Scores of residents near Index on Monday remained without power and stranded
by a massive landslide that blocks the access road to their homes and prevents emergency crews from reaching the area in Snohomish County.
It’s the second such landslide on the road in less than a month. The latest slide started early Thursday and spilled onto Mount Index River Road, which was barely passable on Friday and closed on Saturday after another shift, said Lynne Kelly, a member of the Mt. Index Riversites Community Club, the homeowners association that owns the road.
“It’s many, many acres of blue clay coming down several hundred feet or more,” Kelly said. “It’s quite massive.”
The most significant concern, Kelly said, is for residents who have been without power since Friday, when a falling tree knocked down a power line. There are about 6½
miles of the road — and about 80 to 100 full-time residents — beyond the landslide. Some of them have generators, she said, but they’re running out of fuel.
- The latest on Seahawks safety Kam Chancellor's holdout
- Haggen sues Albertsons for $1 billion over big grocery deal
- Seattle restaurant manager killed hiking in Alaska
- Report gives Seattle drivers worst marks yet; Bellevue isn't far behind
- Seahawks trade Kevin Norwood, make other moves to get roster to 75
Most Read Stories
Though it’s impossible to get vehicles in and out of the neighborhood, some people have walked out.
Snohomish County Public Utility District (PUD) trucks can’t access the affected area because of safety concerns about falling trees and unstable ground, according to spokesman Neil Neroutsos.
Scott Highland, who lives beyond the landslide, about 2 miles from Index, said he was still without power Monday afternoon and didn’t expect it to be restored soon.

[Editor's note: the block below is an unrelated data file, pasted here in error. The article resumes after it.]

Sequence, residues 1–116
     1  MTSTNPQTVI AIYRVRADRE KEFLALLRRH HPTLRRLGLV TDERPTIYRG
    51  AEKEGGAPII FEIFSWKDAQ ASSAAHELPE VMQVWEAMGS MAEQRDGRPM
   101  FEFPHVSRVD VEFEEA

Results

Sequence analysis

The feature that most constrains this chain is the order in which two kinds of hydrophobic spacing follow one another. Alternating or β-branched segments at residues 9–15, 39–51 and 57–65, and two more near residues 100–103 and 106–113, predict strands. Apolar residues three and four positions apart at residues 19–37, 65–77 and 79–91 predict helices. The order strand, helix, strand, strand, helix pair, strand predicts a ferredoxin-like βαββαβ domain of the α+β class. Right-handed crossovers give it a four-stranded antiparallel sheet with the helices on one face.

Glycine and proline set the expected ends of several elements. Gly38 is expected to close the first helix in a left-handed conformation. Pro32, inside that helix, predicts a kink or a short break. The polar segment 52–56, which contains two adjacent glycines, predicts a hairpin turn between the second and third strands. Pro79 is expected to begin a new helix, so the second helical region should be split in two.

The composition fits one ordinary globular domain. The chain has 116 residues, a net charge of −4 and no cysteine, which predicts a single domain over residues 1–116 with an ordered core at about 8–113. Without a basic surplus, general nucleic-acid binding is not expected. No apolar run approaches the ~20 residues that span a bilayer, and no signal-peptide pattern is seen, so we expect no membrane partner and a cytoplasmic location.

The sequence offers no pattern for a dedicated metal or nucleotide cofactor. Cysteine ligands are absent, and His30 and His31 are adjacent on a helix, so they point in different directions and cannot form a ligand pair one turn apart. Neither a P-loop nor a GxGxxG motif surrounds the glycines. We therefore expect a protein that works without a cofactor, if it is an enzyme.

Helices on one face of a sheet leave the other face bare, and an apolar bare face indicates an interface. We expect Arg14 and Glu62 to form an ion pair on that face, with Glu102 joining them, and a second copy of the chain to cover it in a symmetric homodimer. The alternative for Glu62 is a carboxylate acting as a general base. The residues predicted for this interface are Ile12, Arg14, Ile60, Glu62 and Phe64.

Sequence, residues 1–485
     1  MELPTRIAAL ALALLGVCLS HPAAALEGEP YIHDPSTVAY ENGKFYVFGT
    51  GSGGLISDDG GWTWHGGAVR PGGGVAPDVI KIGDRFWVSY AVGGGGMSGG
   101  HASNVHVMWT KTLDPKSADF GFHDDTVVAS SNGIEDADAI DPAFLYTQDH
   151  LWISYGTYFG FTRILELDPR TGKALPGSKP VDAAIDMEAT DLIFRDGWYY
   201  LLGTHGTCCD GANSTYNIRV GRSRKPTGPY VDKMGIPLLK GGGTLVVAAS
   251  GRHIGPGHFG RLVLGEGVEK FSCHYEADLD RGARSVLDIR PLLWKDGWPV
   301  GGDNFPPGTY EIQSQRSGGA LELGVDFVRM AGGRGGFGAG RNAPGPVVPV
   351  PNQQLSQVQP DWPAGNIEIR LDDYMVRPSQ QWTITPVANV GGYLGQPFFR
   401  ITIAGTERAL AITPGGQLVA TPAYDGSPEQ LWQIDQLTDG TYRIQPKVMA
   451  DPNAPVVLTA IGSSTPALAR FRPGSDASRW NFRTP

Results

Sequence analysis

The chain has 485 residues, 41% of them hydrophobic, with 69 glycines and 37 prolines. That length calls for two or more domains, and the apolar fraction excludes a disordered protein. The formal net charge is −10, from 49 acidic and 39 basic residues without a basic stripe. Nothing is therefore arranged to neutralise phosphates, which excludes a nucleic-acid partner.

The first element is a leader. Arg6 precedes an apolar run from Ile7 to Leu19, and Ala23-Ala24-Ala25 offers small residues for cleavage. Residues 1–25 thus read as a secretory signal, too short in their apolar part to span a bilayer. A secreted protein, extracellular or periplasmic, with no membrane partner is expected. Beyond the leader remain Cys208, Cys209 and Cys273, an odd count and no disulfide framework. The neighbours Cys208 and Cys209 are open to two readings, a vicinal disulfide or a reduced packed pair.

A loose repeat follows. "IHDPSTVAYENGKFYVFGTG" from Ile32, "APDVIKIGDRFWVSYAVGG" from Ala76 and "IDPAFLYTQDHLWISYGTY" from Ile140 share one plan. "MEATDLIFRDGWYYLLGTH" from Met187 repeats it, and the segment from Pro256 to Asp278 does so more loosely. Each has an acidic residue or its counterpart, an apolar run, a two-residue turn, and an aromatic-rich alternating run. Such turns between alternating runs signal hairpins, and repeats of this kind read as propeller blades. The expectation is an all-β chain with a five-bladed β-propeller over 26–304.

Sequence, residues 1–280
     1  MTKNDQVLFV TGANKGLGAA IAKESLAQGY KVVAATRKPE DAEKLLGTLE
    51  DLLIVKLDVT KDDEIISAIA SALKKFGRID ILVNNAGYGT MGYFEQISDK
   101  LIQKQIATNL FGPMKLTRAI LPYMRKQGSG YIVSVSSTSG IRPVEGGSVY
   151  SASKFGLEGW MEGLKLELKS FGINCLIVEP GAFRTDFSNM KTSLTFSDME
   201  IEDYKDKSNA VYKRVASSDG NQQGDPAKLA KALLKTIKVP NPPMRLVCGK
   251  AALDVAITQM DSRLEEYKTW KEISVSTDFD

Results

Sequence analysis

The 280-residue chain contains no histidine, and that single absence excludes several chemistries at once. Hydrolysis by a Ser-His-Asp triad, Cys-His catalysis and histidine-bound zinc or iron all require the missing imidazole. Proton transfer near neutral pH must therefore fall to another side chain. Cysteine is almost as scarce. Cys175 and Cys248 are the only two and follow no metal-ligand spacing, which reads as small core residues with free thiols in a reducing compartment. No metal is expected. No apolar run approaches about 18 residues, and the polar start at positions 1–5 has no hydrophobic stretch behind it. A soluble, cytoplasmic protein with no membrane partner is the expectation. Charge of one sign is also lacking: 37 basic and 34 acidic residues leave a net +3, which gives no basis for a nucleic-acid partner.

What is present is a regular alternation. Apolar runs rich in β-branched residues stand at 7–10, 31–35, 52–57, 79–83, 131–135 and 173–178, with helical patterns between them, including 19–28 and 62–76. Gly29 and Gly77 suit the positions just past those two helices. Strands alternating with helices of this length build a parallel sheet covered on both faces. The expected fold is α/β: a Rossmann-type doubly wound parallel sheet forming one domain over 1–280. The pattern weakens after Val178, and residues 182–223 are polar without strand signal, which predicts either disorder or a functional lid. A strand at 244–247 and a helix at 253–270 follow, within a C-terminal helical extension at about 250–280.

“It’s enough of a mess I wouldn’t blame (PUD) for not wanting to get past here,” said Highland, who has been a full-time resident near Index for five years.
The road is private, Kelly said, and the homeowners have hired a contracting firm to clear the slide and stabilize the hillside, but they are concerned they may not have enough money to finish the job.
So the group is appealing to various agencies for help.
The homeowners association applied for help to the Federal Emergency Management Agency (FEMA), but were turned down because the area has not been declared a disaster by the president, Kelly said. They are now looking for help elsewhere.
Because it’s not a county road or a county property, the Snohomish County Department of Emergency Management is focusing on the emergency needs of the people who are stranded, according to Rebecca Hover, director of communications for the Snohomish County Executive’s Office.
The department is assessing the residents’ needs for food and medicine, but is working out how to get the supplies to them.
The slide is the second to occur in the area in the past month. Around midnight Dec. 17, a mudslide blocked the same road, and residents reported power outages. The road was clear and passable by Dec. 22.
Though he remains without power, Highland said the slides are part of “just another winter in the mountains.”
“If you didn’t expect this to happen on occasion, you might as well move to Florida and not expect hurricanes,” Highland said. “It comes with the territory.”
Paige Cornwell: 206-464-2517 or email@example.com